THE bookmakers may as well pay out now on Rangers lifting the League One trophy this season.
At the end of a week when football’s relationship with the turf accountants has come under intense scrutiny, Ally McCoist’s men romped to a margin of victory over an out-gunned Airdrie side which even the most optimistic of their punters would have struggled to predict.
In a win every bit as convincing as the scoreline suggests, Jon Daly did his best to hog the limelight with his first two goals for his new club. But one man was always going to be centre of attention at the Excelsior Stadium last night and Ian Black handled it with admirable resilience.
Jeered by the home fans and lauded by the visiting support, Black justified McCoist’s decision to select him despite the pending SFA hearing against him on 160 offences of gambling on football.
If Black was at all distracted by the avalanche of newsprint and hours of airtime his betting charges have taken up this week, he hid it well. He was the most effective and influential performer for Rangers, passing neatly and reading the game intelligently from his holding midfield role in a 4-1-3-2 formation.
When he was replaced in the closing stages, Black received a standing ovation from the Rangers fans who are clearly unperturbed by any suggestion he may have placed a bet against his own team.
For McCoist, this maintained a prolific winning start to Rangers’ league campaign which has seen them score 13 goals in their three matches so far.
How times have changed since the last league meeting between these two 20 years ago. On that day at the barely lamented old Broomfield ground, Rangers clinched the fifth of their nine successive league titles with a 1-0 win.
The goal was scored by Gary McSwegan, in the side because of the leg break suffered on Scotland duty by McCoist. During the post-match celebrations that afternoon in May 1993, his team-mates paraded a life-size cardboard cut-out of their absent team-mate to mark his staggering 49-goal contribution to the campaign.
Both Airdrie and Rangers have suffered cataclysmic financial collapses since then, of course, and it is the pursuit of a third tier title which saw
McCoist back in person last night at the smart stadium the locals like to refer to as New Broomfield. This was a rare occasion when all four stands were populated. Just over 600 fans witnessed Airdrie’s previous home fixture but the sold-out signs had been posted a couple of days ago for Rangers’ visit.
Rangers had to sustain some early pressure from their eager hosts. A mistake from captain Lee McCulloch presented Airdrie with their first sight of goal in the third minute, Nathan Blockley unable to connect cleanly enough with Willie McLaren’s cutback.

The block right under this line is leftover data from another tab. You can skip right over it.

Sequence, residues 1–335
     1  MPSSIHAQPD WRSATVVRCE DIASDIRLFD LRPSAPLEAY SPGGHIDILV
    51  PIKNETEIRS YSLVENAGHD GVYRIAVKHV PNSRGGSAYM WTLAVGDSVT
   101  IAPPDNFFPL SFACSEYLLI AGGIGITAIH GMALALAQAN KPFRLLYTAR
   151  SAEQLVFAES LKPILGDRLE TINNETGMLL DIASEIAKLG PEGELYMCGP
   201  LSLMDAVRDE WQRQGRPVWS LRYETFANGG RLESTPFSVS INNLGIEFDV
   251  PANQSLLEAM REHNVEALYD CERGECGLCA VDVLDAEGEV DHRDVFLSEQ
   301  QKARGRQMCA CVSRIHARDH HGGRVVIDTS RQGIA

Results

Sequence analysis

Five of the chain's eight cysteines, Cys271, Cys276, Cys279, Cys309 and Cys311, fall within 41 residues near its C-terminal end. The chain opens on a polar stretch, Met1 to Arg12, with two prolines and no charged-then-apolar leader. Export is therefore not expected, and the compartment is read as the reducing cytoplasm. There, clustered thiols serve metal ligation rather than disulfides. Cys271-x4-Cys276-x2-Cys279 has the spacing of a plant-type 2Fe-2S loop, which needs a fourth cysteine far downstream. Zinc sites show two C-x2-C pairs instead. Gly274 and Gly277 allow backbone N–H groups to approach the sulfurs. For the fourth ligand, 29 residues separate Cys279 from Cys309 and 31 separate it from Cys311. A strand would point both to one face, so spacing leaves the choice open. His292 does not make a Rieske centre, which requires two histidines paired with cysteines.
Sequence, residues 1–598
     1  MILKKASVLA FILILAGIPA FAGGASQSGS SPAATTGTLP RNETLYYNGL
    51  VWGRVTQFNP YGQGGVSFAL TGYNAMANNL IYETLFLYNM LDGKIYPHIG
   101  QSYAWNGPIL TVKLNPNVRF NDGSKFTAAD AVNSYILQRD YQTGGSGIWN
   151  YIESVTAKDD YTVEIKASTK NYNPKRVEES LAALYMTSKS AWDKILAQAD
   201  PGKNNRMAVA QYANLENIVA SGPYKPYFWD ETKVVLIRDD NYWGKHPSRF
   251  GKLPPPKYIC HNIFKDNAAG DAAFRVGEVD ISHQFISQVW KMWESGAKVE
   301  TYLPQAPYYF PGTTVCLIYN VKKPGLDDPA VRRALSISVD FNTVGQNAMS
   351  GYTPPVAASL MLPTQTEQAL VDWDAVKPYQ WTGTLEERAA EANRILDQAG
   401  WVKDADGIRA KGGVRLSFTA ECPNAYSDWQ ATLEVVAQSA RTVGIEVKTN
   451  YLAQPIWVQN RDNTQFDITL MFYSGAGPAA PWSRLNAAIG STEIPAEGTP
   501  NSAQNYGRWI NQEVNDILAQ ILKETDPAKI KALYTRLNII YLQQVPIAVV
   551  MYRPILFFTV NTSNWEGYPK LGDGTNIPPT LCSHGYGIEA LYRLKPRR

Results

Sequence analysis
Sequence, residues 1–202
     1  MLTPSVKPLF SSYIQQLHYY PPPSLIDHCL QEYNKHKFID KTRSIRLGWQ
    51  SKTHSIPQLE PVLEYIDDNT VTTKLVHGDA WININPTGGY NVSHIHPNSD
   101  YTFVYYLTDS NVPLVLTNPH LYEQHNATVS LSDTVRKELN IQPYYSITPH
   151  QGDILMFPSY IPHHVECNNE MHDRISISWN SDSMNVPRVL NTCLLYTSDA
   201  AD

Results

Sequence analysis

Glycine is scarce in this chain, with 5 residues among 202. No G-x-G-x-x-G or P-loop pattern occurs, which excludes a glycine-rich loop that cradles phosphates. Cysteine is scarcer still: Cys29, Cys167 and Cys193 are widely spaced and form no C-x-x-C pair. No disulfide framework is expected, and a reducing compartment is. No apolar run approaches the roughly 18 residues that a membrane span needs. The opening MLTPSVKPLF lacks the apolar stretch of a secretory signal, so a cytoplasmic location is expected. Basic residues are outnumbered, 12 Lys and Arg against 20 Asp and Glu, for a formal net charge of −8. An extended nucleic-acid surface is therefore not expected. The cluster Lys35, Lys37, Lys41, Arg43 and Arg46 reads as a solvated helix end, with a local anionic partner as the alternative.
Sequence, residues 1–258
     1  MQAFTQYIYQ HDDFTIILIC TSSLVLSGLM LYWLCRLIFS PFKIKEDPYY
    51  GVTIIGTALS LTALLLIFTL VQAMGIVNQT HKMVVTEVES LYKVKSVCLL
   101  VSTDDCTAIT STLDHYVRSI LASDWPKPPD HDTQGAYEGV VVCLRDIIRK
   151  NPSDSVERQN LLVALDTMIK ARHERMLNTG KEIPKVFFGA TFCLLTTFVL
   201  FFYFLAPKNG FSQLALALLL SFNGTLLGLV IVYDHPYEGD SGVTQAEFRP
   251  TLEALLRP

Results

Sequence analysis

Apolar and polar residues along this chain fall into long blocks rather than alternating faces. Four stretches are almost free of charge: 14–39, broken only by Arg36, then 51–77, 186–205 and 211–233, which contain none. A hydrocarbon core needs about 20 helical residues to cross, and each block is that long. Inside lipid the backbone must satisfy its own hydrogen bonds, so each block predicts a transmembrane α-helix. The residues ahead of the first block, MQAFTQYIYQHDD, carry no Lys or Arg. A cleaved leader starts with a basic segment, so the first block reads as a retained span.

More slack play from McCulloch, partnering Sebastian Faure in central defence for Rangers, provided another opening for McLaren who this time dragged a left-foot shot narrowly wide.
Black, predictably jeered by the home fans whenever he was in possession, got Rangers onto the front foot with a 22-yard shot just off target. He bettered that with a thumping volley from Daly’s lay-off which forced a fine save from Airdrie goalkeeper Colin Stewart, son of Rangers’ goalkeeping coach Jim.
Having gradually established a passing rhythm on the slick artificial surface, Rangers went ahead in the 18th minute with a well-worked goal. Lewis Macleod exchanged passes with Robbie Crawford to carve open the Airdrie defence before steering a precise left-foot shot beyond Stewart from 16 yards.
Airdrie, deploying a 4-4-2 formation, tried to remain positive and were unfortunate to have a penalty appeal turned down by referee Stephen Finnie when McCulloch appeared to strike the ball with his left arm in the area.
The home side were further deflated in the 36th minute when Rangers scored another fine goal to exert a firm grip on proceedings. Black flighted a free-kick to the edge of the Airdrie area where Daly rose to head the ball down for Andy Little. The Northern Ireland international wrong-footed central defender Gregor Buchanan with a swift turn before driving a left-foot shot high into the net from around six yards.
Stewart made another excellent diving save to keep out an overhead kick from Little four minutes before half-time and it was already clear there would be no way back for Airdrie.
That was confirmed three minutes after the restart when Rangers made it 3-0. It was a goal created by Lee Wallace, charging forward from left-back onto a good pass from Faure. When Wallace’s low driven cross rebounded off Airdrie captain Darren McCormack, it left Crawford with a fairly simple left-foot finish from around eight yards.
Daly looked set to be frustrated once more in pursuit of his first Rangers goal when he sent a left-foot shot agonisingly wide of the target. But the big Irishman, who will now not be able to play for Rangers again until September after using up his quota of trialist appearances, would not be denied.
As Airdrie grew increasingly ragged, Daly opened his account with a close-range header from Crawford’s looping cross in the 66th minute. Three minutes later, Rangers made it 5-0 with a perfectly executed training ground set-piece which saw Macleod, Daly and Little combine to set up Nicky Law for a terrific left-foot finish.
Airdrie were reeling now and just a minute later they conceded again, Daly doubling his tally with a right-foot shot on the turn after receiving the ball from Crawford inside the area.